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Looking for recommendations on good software for recording high-quality podcasts - what options are out there and what are your experiences?

The human ear can detect sounds up to 20,000 Hz, but most podcast recording software record at 44.1 kHz or 48 kHz, which is more than sufficient for human hearing.

Local recording software allows for higher quality recordings by reducing latency and ensuring that the recording is stored locally, rather than relying on internet connectivity.

Adobe Audition, a popular podcast recording software, was previously known as Cool Edit Pro before being acquired by Adobe in 2003.

Audacity, a free and open-source audio recording and editing software, has been downloaded over 100 million times since its release in 2000.

The science behind sound waves: sound waves have frequency, amplitude, and wavelength, with frequency affecting pitch and amplitude affecting loudness.

Most podcast recording software can handle high-resolution recording, but choosing software that records 48 kHz audio is recommended for the best results.

The 720p HD video resolution is considered the minimum for high-quality video recording, while 1080p or 4K is recommended for high-end video recordings.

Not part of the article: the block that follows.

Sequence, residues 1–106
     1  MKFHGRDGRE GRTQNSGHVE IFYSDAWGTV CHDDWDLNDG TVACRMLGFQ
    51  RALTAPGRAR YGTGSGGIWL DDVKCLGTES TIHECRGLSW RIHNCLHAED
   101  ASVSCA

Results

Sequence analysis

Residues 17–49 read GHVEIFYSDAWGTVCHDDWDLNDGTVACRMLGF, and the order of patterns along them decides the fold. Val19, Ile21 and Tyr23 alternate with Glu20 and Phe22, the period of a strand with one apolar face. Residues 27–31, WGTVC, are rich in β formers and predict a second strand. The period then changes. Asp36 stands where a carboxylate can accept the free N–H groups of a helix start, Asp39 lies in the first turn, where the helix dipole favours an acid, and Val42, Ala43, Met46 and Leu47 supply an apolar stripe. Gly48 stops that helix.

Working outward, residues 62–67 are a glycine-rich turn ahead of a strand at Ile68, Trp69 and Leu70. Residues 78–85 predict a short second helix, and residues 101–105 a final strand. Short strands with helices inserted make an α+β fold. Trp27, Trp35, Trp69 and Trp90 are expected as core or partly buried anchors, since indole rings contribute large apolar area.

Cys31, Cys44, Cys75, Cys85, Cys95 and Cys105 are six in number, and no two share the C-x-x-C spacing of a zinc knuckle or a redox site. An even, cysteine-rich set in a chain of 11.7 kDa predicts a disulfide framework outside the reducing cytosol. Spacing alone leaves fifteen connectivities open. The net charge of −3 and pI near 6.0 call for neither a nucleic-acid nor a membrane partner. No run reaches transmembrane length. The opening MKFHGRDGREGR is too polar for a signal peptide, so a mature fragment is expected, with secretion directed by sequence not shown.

The human brain can process audio and video information separately, making it possible to edit audio and video independently.

AI-powered podcasting suites like Descript use artificial intelligence to help creators record, edit, and fine-tune their podcast from a single dashboard.

Local recording software like Riverside.fm records audio and video locally, allowing for higher quality recordings and reducing the risk of internet connectivity issues.

The science behind audio editing: digital audio workstations (DAWs) use algorithms to process and manipulate audio signals, allowing for editing and effects like overdub and filler word removal.

Podbean, a podcast hosting platform, also offers recording and editing features, including more than 50 background music tracks and sound effects.

The Nyquist-Shannon sampling theorem explains why recordings at 44.1 kHz or 48 kHz are sufficient for human hearing, as they capture the entire range of audible frequencies.

Audio compression, a common feature in podcast recording software, reduces the dynamic range of audio signals to improve overall loudness and clarity.

The human ear can detect differences in audio frequency response as small as 0.5 Hz, making high-quality audio recording equipment crucial for podcasting.

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